A Medical Device Daily
AxioMed Spine (Garfield Heights, Ohio) reported the receipt of CE-mark approval for its Freedom Lumbar Disc, an elastomeric total spinal disc replacement device.
The CE-mark approval was received from the company's notified body after review of its multi-center European clinical study and portfolio of biocompatibility and biomechanical testing.
This data also supported AxioMed's Investigational Device Exemption approval by the FDA.
President/CEO Patrick McBrayer said, "The Freedom Lumbar Disc is the only elastomeric lumbar total disc replacement device to receive CE-mark approval based on a rigorous multi-center clinical study conducted in the European Union. We are . . . pleased to be able to provide surgeons in Europe with the Freedom technology that has been shown to provide patients pain relief, reduced disability and improved lifestyle, based on monitored outcomes and feedback."
Neal Defibaugh, the company's vice president of clinical and regulatory affairs, said, "Our European clinical study results, coupled with the extensive portfolio of biocompatibility and biomechanical testing, provided substantial information for our notified body to assess the Freedom Lumbar Disc."
The Freedom Lumbar Disc is a viscoelastic one-piece, next-generation total disc replacement featuring a polymer core, designed with the goal of restoring function of the spine and reducing pain and disability.
1st cases for LipiScan catheter
InfraReDx (Burlington, Massachusetts) reported the first use in patients of a novel coronary catheter that uses both light and sound to image coronary plaques. Working on a team led by Patrick Serruys, MD, Martin van der Ent, MD, performed the procedures on patients undergoing coronary angiography at the Thoraxcenter (Rotterdam, the Netherlands).
The LipiScan Coronary Imaging System is a catheter-based device that uses laser light to detect how much fat and other substances are contained in a plaque.
The company said the combination catheter provides the benefits of both IVUS and NIRS imaging in a single study of the artery. IVUS is commonly used to quantify the degree of narrowing produced by a plaque, the size of the artery and the adequacy of stent expansion.
NIRS is a novel technique recently cleared by the FDA for the identification of lipid core plaques, the structures suspected to cause most heart attacks and complicate stenting procedures.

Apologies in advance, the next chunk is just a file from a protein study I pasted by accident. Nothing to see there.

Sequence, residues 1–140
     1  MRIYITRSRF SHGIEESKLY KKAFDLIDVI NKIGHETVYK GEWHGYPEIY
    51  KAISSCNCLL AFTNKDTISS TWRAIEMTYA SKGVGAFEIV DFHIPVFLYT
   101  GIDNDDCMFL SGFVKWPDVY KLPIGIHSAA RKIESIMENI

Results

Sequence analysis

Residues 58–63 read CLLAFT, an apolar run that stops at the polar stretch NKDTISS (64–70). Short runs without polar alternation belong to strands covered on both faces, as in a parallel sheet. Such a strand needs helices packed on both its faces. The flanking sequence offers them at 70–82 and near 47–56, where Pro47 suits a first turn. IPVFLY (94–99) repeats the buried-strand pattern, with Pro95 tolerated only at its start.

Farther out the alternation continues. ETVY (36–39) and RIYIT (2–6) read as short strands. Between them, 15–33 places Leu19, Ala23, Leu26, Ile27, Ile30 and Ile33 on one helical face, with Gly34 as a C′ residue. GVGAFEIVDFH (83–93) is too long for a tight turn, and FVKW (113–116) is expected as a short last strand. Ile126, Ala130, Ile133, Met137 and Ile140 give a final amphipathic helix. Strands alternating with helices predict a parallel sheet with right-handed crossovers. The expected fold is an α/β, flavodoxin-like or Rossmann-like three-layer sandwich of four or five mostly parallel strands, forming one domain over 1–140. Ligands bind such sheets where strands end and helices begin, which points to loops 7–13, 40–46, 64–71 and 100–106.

Serruys said, "The composition of atherosclerotic plaques is important in assessing the likelihood that they will cause cardiovascular events. This novel device provides composition on top of anatomy and will play a pivotal role in interventional cardiology, first in clinical trials and further on in treatment planning in individual patients."
The Biomedical Engineering Department of the Thoraxcenter, led by Ton van der Steen, MD, provided expertise essential to the addition of IVUS to the NIRS system, according to the company.
"In order to determine both composition and structure of an atherosclerotic plaque, a combination catheter is necessary. I am truly excited that InfraReDx teamed up with the Thoraxcenter in this development, both from a technical and a clinical perspective," said van der Steen.
James Muller, MD, a cardiologist and co-founder/CEO of InfraReDx, said, "The InfraReDx team is proud to have developed the first combined optical and acoustic catheter for use in the coronary arteries of patients. The addition of IVUS to our FDA cleared LipiScan catheter provides a novel tool that we believe will assist physicians with the complex decisions they face in the management of patients with coronary artery disease."
French court finds infringement
Instrumentation Laboratory (IL; Bedford, Massachusetts) reported that the Paris First Level Civil Court has determined that Diagnostica Stago (Paris) infringed the French counterparts of two European patents licensed exclusively to IL, and committed acts of unfair competition due to denigrating advertisements.
The court ruled that: 1) Diagnostica Stago must cease manufacturing and selling its infringing products, STA-Staclot APC-R kits and Stagen Kit FVM Mutation, and must cease denigrating advertisements concerning IL's products; 2) Diagnostica Stago's inventory of STA-Staclot APC-R kits and Stagen Kit FVM Mutation may be confiscated for potential future destruction; and 3) Diagnostica Stago must pay IL the sum of €2 million (about $2.6 million) as an advance on damages for the infringement and unfair competition, plus attorneys' fees.
The court's decision may be appealed.
IL is the exclusive licensee of two patents, EP 0 608 235 and EP 0 690 991, covering inventions from researcher Dr. Bjorn Dahlback, relating to the detection of thrombophilia, a coagulation disorder, in human blood.
The first patent relates to a method for diagnosing a human blood coagulation disorder called resistance to APC (activated protein C resistance), while the second patent additionally relates to a method for determining the presence of gene mutations of Factor V, which is one of the causes of thrombophilia.